I thought this might be a random internet troll but that was too good to be true. I found out this was a designer Lumen Couture knew personally, and had contributed to getting past exposure and funding for projects, including content celebrating Designer B that Designer B had endorsed and happily shared. They had collaborated on work (the clip that was supposed to be shared). Designer B had been happily messaging regularly with Lumen Couture up to that point. Instead of reaching out to message directly, they put them on blast and called names. As far as I’m concerned they knew what they were doing: they misrepresented the story to get reactions and an internet mob.

While they didn’t call out my skintone specifically, “street” and “animals” are terms often used to degrade African-Americans. It’s a stretch to find any other interpretation of language like that.

This blog post isn’t about feeling sorry for myself or defending myself. When I asked to write this, the condition was that I should provide something helpful for anyone else in the situation. As much as it painful to see those comments, I came out stronger.

Here’s What I Learned:

  1. Admit and learn from mistakes. I’ve made some mistakes and each time when I’ve heard about them I started defensive. “I got the wrong instructions”, “that’s a hard word to spell”. I’m learning that mistakes are ok, but the only way to get better is to find ways to fix them. I don’t want this to happen again, for a client or my own channel. Now I have a checklist for everything I do. I wish I could say it will never happen again, but that’s wishful thinking.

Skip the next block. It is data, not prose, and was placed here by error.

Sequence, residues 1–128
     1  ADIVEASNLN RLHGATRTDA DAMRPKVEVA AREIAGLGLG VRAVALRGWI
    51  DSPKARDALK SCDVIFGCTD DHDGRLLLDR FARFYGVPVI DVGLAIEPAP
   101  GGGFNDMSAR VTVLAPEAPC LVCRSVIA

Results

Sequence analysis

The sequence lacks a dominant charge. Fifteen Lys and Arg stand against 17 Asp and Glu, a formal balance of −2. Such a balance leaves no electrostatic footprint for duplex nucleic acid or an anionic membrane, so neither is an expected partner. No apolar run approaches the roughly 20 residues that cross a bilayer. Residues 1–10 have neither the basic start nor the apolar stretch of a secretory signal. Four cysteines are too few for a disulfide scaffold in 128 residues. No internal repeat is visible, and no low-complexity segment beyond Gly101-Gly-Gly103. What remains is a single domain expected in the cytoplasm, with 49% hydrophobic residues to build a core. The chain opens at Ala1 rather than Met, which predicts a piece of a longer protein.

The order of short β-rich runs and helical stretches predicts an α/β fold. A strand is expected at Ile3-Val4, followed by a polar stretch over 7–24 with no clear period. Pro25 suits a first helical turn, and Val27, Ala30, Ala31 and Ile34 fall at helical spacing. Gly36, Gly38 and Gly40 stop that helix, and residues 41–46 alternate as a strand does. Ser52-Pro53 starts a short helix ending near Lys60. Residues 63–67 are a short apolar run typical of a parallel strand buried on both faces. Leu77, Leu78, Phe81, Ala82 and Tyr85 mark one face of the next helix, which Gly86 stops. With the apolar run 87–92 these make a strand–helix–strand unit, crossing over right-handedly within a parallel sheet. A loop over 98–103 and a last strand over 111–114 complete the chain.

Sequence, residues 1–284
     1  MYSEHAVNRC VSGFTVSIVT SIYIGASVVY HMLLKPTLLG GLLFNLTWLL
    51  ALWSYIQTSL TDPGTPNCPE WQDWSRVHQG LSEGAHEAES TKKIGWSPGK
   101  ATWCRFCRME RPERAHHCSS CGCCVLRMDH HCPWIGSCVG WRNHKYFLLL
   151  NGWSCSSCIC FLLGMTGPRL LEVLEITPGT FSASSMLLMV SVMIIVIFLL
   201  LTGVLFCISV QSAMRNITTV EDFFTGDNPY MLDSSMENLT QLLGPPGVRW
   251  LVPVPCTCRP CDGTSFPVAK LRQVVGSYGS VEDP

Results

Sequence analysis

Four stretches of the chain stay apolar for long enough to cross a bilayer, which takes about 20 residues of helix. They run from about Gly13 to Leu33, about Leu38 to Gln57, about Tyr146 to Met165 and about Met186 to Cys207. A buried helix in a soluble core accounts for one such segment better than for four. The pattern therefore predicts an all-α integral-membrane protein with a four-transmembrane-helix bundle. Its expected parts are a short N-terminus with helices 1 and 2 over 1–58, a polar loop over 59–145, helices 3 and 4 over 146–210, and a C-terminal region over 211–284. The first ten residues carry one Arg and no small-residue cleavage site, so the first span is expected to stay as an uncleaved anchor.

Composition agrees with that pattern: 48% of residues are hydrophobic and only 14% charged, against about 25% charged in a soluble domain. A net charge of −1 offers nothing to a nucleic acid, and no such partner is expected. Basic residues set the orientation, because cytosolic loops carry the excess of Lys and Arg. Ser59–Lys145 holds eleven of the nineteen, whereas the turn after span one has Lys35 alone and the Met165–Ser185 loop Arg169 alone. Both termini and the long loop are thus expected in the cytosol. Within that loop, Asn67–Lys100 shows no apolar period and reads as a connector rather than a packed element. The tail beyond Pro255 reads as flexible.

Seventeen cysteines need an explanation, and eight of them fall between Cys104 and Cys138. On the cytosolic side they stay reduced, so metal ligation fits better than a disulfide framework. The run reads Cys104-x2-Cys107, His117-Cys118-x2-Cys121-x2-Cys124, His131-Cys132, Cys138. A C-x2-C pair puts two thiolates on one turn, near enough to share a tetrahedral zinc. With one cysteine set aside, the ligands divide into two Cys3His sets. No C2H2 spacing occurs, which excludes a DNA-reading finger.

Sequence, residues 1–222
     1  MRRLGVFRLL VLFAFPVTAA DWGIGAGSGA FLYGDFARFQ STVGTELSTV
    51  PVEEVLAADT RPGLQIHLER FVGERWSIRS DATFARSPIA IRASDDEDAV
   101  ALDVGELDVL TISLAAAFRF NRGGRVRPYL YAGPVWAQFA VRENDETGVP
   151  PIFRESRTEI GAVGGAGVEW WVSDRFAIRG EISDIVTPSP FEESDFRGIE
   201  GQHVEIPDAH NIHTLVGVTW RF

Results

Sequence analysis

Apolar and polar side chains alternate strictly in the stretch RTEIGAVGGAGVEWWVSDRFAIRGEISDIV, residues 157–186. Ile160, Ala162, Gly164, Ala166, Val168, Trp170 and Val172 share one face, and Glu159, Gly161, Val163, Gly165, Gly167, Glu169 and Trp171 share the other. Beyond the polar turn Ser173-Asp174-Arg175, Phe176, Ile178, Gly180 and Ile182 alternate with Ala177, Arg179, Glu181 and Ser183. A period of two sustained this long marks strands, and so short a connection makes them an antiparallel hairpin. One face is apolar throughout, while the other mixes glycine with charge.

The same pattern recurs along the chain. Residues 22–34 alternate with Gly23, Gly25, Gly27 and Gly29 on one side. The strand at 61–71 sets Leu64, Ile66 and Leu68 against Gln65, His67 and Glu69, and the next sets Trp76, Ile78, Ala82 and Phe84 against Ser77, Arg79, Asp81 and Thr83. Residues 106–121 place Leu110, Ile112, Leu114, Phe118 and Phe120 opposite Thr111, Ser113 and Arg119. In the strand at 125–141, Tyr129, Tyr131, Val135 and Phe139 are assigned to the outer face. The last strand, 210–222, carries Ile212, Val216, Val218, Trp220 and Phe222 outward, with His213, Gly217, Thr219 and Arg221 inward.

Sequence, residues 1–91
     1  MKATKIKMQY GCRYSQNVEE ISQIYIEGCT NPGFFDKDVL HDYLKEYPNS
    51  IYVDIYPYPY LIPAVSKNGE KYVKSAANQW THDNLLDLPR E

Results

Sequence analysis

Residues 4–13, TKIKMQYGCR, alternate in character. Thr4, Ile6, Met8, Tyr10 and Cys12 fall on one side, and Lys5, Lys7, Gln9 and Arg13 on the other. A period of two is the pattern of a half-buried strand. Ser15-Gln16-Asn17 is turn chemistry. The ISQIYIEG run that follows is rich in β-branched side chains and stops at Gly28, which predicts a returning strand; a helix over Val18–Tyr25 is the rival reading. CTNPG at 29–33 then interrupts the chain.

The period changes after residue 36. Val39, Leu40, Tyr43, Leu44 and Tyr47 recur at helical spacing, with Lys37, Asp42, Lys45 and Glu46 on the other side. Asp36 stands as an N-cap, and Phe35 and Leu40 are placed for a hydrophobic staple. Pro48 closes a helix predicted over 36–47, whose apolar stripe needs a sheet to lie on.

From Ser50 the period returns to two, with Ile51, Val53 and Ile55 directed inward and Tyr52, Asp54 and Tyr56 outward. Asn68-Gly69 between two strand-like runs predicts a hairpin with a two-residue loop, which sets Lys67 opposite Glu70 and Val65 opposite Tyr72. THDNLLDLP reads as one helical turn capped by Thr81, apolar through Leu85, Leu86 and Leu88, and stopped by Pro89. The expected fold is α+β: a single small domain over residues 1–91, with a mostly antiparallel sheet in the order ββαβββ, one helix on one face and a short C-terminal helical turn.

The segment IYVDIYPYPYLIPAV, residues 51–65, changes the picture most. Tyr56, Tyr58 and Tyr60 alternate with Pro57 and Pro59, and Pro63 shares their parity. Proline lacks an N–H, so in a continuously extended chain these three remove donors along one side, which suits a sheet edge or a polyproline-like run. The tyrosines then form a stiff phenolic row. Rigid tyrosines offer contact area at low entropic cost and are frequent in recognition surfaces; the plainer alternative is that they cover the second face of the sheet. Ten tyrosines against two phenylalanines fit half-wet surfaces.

2. Reaction is distraction. When I saw the posts I was emotional. When I messaged Lumen Couture she told me “There are people who will say anything to be hurtful, it’s not worth the time going through the comments. The biggest loss is your time and energy, let’s move on and talk about bigger and better things tomorrow!” I spent a whole night stressed about it when I could have been working on other projects for clients or my own channel. Every moment I spend obsessing over someone else’s hatred is a moment I’m not doing my own hustle.
  3. Own it. Today I woke up with a new perspective. I’m not angry anymore that someone thinks I look like I’m from the street. I embrace my appearance and the history that comes with it. Hillary Clinton owned “Nasty Woman” and queers and the black community turned around slurs as words of empowerment. I changed my instagram bio to “From the Street”. It’s growing on me.
  4. Take the high road. When this happened I admit I shared screenshots to my close friends and in discord. I regret it a bit now and wouldn’t do it again. A bunch of my real and online friends wanted to jump in on the comments and defend me, and tear down Designer B with the screenshots of the private messages for the world to see. I admit I wanted them to. But then I’d be doing the same thing as she did: going HAM on someone who made a mistake.

Writing this and sharing my story has been cathartic, and I hope this story might help out someone else in a similar situation. Despite mixing up clips sometimes I’m actually quite proud of the work I do. I’m still working with Lumen Couture and taking on extra projects and work, you can reach me by my new email at

Sorry for the heavy content, this blog will now go back to your regularly scheduled geeky tech and fashion!

About the Author: The author is video production expert who is staying anonymous (for now). They are skilled at video editing, production, and social media content generation. They can be reached at fromthestreet @ lumencouture . com